During this period, Ysaÿe’s creative output continued to be dominated by shorter works for soloist and orchestra and piano-accompanied miniatures. Yet such innocent, salonesque titles as Poème nocturne (one in a series of eight poèmes for soloist and orchestra) disguised a highly personal idiom which demonstrates an unexpectedly keen awareness of contemporary trends – especially for one who claimed to be out of step with the ‘modern’ age. His Poème élégiaque of 1895, for example, provided the vital catalyst for the exotic chromaticisms that pepper Chausson’s famous Poème for violin and orchestra, dedicated to Ysaÿe in grateful appreciation.
Other composer friends who dedicated important works to Ysaÿe included Debussy – his G minor String Quartet, premiered by the Quatuor Ysaÿe in 1893 – and Franck, whose indelible Violin Sonata was composed as a wedding present. During the Sonata’s 1886 premiere, dusk began to fall and as no artificial lighting was allowed in the museum where they were performing, Ysaÿe and his accompanist Léontine Bordes-Pène played the remaining three movements from memory in the near-darkness!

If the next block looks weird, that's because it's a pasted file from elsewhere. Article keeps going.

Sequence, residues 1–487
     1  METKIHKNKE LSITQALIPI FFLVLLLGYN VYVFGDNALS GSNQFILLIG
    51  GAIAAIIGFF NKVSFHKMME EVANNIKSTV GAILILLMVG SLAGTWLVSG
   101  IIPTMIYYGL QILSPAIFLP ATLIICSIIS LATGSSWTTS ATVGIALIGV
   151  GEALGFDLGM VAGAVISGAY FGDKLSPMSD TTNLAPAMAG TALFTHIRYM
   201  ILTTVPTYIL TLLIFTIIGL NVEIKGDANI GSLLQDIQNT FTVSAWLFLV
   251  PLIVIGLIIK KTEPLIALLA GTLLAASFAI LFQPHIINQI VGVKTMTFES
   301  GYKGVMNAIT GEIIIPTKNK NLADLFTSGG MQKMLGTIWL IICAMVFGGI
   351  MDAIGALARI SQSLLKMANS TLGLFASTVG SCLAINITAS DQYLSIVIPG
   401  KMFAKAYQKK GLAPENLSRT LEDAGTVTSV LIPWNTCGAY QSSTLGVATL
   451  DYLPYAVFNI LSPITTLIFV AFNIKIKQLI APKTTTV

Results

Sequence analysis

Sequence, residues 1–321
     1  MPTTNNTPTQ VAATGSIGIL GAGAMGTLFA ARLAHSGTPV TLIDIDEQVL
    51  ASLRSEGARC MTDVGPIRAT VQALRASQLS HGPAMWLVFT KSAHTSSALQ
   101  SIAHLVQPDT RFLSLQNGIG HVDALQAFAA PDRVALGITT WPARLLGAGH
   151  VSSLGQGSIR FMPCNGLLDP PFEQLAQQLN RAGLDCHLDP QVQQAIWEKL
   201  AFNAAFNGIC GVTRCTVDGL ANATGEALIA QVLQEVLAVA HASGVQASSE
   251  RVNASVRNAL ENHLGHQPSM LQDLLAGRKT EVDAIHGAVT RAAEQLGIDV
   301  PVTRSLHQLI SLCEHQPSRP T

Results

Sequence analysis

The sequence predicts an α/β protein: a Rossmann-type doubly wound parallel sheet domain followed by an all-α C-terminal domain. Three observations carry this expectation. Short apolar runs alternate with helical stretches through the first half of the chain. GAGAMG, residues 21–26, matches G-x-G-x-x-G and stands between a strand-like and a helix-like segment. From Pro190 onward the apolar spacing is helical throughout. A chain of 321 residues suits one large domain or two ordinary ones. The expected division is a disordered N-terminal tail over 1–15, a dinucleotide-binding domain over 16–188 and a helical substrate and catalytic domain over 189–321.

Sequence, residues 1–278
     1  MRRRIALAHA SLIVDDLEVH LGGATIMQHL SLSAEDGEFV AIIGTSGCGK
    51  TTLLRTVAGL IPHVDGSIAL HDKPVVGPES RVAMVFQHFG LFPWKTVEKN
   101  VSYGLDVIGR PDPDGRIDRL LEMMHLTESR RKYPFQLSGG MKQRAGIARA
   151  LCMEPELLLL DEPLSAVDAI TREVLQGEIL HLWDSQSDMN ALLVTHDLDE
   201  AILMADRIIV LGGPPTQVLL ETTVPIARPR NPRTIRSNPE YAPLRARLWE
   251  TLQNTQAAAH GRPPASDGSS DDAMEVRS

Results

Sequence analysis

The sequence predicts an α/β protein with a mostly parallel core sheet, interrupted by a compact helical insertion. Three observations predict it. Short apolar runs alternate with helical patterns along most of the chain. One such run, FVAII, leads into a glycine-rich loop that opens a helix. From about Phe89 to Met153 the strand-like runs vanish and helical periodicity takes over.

Who did Ysaÿe marry?
In 1886 Ysaÿe married Louise Bourdeau dethe morning of his marriage, César Franck gave him his new Violin Sonata as a wedding present. He plays it that same day.
The king of the violin
During the 1890s and 1900s, he attracted legions of devoted admirers throughout Western Europe (Britain especially) and Russia, including Rachmaninov, who was himself on the verge of international acclaim with his Second Piano Concerto.